Virgin Tales is about evangelical Christians are calling out for a second sexual revolution: chastity! As a counter-movement to the attitudes and practices of today’s culture, today one in eight girls in the US has vowed to remain “unsoiled” until marriage. But the seven children of the Wilson family, founders of the Purity Ball, take this concept of purity of body and mind one step further; even their first kiss will be at the altar. For two years the filmmakers follow the Wilson’s as some of their children prepare for their fairytale vision of romance and marriage and seek out their own prince and princess spouses. In the process, a broader theme emerges: how the religious right is grooming a young generation of virgins to embody an Evangelically-grounded Utopia in America.
Mirjam von Arx, director and producer of Virgin Tales was born 1966 in Weinfelden, Switzerland. After studying at the Ringier School of Journalism, von Arx worked for 18 years as an editor and freelancer for a number of German language magazines. In 1991, she moved to New York and produced the road movie BLUESIANA together with Polo Hofer. In addition to regular contributions to Swiss television, von Arx executed two documentaries for SF and Sat1. In 2001, she moved to London and began filming the documentary BUILDING THE GHERKIN. In 2002, she founded the production company ican films gmbh. In 2003, her first documentary ABXANG was shown in cinemas. In 2005, BUILDING THE GHERKIN (CH, DE, UK) followed. In 2006/7 she produced the documentary SEVEN DUMPSTERS AND A CORPSE for Thomas Haemmerli , shown in cinemas in 2007. The film was awarded the Zurich Film Prize 2007 and was nominated for the Swiss Film Prize 2008. Her documentary SEED WARRIORS was theatrically released in autumn 2010 and nominated for an Int. Green Film Award at the Cinema for Peace Gala in Berlin in 2011. VIRGIN TALES will be theatrically released in Switzerland in June 2012.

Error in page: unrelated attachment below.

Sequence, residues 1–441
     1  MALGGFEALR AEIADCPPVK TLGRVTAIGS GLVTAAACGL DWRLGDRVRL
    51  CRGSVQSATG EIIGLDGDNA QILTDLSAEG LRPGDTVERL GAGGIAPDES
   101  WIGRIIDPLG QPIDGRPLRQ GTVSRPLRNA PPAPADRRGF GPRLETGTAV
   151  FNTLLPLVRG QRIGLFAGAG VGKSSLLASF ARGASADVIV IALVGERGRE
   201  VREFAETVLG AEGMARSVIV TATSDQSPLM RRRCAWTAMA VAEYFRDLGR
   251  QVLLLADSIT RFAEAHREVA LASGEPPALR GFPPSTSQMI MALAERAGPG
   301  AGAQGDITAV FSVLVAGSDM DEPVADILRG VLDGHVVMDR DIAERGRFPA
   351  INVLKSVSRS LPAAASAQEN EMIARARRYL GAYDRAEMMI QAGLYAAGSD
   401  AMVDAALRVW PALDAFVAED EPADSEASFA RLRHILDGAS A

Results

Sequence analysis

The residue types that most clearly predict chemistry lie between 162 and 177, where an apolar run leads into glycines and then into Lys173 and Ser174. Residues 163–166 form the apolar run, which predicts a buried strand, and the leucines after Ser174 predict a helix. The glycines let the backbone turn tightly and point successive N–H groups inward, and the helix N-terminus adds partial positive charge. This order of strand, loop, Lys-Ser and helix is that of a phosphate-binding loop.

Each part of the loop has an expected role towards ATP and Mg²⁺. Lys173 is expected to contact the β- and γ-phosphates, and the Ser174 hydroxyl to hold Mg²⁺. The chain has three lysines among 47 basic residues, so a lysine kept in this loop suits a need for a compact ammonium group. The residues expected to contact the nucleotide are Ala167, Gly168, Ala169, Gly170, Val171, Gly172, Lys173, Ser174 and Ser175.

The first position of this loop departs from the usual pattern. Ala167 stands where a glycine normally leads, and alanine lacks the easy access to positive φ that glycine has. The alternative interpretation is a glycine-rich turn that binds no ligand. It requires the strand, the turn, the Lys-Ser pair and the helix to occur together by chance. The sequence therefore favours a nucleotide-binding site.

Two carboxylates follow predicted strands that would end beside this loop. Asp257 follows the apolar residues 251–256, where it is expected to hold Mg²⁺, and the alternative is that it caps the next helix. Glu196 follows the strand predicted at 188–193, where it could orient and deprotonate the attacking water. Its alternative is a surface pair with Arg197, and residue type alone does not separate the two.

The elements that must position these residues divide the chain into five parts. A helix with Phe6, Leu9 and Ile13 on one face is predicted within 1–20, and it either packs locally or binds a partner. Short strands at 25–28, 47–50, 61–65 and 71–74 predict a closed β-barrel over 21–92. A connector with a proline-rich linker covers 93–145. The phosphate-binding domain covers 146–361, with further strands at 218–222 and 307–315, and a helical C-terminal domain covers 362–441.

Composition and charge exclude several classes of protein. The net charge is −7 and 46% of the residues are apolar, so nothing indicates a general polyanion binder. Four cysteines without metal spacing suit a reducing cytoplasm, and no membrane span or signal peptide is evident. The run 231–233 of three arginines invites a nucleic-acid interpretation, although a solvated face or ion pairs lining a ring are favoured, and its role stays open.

Bijan Tehrani: How did you first encounter the idea and the subject of “Virgin Tales”?
Mirjam von Arx: I was interested in the subject of virginity for a number of years. And it was really important to me that my documentary talks about all different aspects of virginity, the physical, the spiritual as well as the political. I thought about this for a long time, how to make a great film, that would not just be bits and pieces from all different places. So when I met the Wilson family I knew that they were the perfect protagonists because all of the qualities I was looking for are present in this family.